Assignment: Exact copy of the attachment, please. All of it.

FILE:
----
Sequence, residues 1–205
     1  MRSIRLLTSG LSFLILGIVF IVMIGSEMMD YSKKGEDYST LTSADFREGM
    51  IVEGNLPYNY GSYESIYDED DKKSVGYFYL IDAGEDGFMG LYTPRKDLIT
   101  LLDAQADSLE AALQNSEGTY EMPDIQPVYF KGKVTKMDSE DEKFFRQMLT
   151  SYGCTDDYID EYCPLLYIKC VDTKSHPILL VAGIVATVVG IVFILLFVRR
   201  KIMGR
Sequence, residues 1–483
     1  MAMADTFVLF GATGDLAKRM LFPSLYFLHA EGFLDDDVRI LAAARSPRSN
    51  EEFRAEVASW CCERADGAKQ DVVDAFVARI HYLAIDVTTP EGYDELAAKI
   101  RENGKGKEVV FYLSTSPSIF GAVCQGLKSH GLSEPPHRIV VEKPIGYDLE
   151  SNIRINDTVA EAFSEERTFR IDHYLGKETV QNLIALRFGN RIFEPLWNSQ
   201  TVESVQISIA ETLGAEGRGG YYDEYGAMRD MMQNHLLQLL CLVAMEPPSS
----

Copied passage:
Sequence, residues 1–205
     1  MRSIRLLTSG LSFLILGIVF IVMIGSEMMD YSKKGEDYST LTSADFREGM
    51  IVEGNLPYNY GSYESIYDED DKKSVGYFYL IDAGEDGFMG LYTPRKDLIT
   101  LLDAQADSLE AALQNSEGTY EMPDIQPVYF KGKVTKMDSE DEKFFRQMLT
   151  SYGCTDDYID EYCPLLYIKC VDTKSHPILL VAGIVATVVG IVFILLFVRR
   201  KIMGR
Sequence, residues 1–483
     1  MAMADTFVLF GATGDLAKRM LFPSLYFLHA EGFLDDDVRI LAAARSPRSN
    51  EEFRAEVASW CCERADGAKQ DVVDAFVARI HYLAIDVTTP EGYDELAAKI
   101  RENGKGKEVV FYLSTSPSIF GAVCQGLKSH GLSEPPHRIV VEKPIGYDLE
   151  SNIRINDTVA EAFSEERTFR IDHYLGKETV QNLIALRFGN RIFEPLWNSQ
   201  TVESVQISIA ETLGAEGRGG YYDEYGAMRD MMQNHLLQLL CLVAMEPPSS